comics: April 2007 Archives


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I first caught wind of this over at Planet Karen, one of the few blog/comics I follow regularly. Seems that an artist (Todd Goldman) basically lifted this piece of "art" directly from a webcomic produced some five years ago (Dave Kelly's Purple Pussy), going so far as to reproduce even the details like the curl of the tail, eyelashes, etc. It's pretty egregious. And the cartoonists, they are less than pleased, needless to say. Most of the webcomic artists that I follow "give their work away" and struggle to make ends meet with Cafe Press tchotchkes, compilation books, etc. It's not tough to imagine why having someone else display their work in a gallery and sell it for $$$ might rankle them.You can find some links and more detail over at Juxtapoz, which is where the above graphic comes from.

I keep my ear to the ground, and typically forward to Becky mentions of plagiarism, intellectual property, etc., that I come across, particularly when I deem it unlikely that she'll have seen them. And I did with this case as well. What struck me, and part of why I forwarded it, as I was tracing out links was Scott Kurtz's suggestion:

David, you should make that panel open source. You should encourage everyone in webcomics to do a praying pussy strip. Make this one image synonymous with the act of plagiarism that Todd Goldman committed on you. Then ride the wave of attention and publicity and use it to bring your work the exposure it deserves. Turn something bad into a huge opportunity for yourself.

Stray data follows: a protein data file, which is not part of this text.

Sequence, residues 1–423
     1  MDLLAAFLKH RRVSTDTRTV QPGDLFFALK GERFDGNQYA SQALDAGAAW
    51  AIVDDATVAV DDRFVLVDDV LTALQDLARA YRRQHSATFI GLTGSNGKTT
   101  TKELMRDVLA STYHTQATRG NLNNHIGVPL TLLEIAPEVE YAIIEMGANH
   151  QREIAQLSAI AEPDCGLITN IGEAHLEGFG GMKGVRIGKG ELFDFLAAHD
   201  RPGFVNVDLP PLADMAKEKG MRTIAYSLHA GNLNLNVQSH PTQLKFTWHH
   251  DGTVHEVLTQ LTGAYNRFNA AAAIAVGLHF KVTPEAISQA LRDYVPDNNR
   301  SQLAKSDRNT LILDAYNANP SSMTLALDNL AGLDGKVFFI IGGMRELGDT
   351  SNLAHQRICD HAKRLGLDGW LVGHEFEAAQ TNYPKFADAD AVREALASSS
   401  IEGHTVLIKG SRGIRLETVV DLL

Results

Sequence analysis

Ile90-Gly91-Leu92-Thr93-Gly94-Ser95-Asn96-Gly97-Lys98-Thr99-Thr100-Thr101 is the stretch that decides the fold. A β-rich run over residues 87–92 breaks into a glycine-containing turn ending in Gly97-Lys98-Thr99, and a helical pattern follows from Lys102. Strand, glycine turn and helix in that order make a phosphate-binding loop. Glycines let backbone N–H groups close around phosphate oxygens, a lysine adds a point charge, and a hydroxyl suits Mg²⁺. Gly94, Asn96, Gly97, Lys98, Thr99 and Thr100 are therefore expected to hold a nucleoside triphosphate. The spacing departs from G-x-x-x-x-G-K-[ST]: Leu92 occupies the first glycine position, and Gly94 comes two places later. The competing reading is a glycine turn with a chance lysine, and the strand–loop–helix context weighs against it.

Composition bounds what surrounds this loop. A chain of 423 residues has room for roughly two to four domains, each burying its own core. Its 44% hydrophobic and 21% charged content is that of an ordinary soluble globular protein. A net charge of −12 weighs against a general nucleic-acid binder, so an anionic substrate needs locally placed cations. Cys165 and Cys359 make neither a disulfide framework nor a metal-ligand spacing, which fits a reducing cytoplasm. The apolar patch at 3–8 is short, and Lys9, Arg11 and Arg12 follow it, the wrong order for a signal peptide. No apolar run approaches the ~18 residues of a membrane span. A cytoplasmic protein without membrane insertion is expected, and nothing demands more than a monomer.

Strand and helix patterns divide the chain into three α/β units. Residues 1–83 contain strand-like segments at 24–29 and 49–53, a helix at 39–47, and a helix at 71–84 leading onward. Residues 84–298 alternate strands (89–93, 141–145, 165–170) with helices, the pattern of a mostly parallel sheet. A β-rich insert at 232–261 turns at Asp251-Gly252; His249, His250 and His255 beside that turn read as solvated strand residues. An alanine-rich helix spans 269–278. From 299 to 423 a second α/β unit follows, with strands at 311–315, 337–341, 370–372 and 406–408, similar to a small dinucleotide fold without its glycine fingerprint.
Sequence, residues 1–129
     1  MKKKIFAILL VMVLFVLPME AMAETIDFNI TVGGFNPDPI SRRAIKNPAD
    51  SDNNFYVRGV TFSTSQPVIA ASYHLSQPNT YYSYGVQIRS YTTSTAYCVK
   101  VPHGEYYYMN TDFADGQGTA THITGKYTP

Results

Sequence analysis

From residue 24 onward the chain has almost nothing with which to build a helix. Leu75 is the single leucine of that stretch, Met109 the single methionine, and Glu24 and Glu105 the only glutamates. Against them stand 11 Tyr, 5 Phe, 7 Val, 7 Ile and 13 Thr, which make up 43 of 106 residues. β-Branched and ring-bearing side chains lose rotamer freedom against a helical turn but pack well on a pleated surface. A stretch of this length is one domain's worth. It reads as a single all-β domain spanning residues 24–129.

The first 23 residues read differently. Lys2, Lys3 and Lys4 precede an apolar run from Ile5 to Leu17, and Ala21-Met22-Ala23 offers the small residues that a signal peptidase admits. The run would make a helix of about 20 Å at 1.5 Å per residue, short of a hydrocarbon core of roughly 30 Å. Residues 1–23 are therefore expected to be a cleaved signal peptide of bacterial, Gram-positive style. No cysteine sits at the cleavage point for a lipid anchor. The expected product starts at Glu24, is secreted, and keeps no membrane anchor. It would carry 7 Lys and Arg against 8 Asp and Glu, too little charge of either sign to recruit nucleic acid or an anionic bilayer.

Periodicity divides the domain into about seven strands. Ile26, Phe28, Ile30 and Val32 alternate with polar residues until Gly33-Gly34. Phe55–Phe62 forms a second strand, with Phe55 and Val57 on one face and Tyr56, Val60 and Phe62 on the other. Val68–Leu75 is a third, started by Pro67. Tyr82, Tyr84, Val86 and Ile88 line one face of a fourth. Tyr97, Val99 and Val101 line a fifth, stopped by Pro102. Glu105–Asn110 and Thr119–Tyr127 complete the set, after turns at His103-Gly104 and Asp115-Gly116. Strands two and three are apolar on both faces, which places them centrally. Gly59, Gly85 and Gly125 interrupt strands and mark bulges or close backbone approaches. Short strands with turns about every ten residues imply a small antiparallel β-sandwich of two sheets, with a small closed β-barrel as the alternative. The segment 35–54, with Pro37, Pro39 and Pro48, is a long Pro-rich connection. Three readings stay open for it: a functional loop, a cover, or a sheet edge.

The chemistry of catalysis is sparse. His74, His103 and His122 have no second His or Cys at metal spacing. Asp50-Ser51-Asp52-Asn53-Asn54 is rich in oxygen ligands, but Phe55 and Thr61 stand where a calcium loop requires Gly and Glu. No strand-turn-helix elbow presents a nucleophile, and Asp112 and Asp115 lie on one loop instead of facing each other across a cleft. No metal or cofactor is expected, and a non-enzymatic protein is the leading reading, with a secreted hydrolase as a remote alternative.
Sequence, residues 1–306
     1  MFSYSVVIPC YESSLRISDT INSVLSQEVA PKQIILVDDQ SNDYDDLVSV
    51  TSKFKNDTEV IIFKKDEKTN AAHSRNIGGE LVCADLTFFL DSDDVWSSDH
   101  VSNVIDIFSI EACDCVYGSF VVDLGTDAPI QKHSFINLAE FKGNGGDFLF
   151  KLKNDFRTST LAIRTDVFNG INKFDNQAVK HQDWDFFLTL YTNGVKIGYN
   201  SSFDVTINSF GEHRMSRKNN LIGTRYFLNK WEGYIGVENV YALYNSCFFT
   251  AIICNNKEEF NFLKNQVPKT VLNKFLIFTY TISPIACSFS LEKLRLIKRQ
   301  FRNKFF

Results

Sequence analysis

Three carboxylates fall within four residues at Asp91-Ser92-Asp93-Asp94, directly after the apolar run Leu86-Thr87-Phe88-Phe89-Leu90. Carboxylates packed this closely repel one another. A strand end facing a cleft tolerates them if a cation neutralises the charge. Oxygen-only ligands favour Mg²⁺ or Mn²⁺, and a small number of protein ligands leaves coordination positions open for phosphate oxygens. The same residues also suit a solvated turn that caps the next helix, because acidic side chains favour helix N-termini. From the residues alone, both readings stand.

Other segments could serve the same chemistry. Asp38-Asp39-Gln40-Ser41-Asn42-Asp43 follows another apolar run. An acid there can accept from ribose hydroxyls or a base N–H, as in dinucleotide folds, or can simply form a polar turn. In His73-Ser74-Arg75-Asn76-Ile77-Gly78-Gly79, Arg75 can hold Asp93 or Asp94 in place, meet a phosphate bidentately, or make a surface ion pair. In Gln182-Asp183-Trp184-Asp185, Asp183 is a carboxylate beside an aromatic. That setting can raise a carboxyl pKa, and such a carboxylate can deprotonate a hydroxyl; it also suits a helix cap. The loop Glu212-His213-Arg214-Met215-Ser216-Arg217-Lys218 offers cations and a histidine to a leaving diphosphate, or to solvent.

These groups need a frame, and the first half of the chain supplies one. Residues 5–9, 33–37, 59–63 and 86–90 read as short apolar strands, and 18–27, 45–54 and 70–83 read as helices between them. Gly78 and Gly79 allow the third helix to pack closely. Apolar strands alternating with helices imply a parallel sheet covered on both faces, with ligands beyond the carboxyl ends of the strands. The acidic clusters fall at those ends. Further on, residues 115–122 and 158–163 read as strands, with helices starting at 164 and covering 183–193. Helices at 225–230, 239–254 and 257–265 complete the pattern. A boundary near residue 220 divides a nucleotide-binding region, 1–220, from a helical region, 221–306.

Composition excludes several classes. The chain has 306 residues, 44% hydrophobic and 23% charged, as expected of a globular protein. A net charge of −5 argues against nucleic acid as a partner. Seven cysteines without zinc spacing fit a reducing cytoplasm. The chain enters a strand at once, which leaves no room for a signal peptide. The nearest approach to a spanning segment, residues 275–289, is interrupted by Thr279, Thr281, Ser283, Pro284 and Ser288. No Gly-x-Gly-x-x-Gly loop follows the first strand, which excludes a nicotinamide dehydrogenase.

The idea here is that, rather than policing and seeking damages for the plagiarism, Kelly could get even more mileage from it in the long run by diluting the aura that Goldman is attempting to capitalize on. And that's something that I haven't seen much of as I come across the occasional discussion of plagiarism. I'm relying here on a pretty dim memory of Benjamin's "Work of Art" when I mention aura, but there's a sense in which Kurtz's suggestion turns Benjamin's point (which can be read nostalgically) into a creative (commons) strategy. And that's kind of cool.

(Oh, I should mention too that I'm not sure that there's a phrase right now that's abused and misused more than "open source." As sympathetic as I am to almost every context where it's used, I've heard a number of otherwise savvy people use it like a magic spell when they simply mean "free" or "non-proprietary." It's starting to work its way under my skin.)

That is all.



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This page is a archive of entries in the comics category from April 2007.

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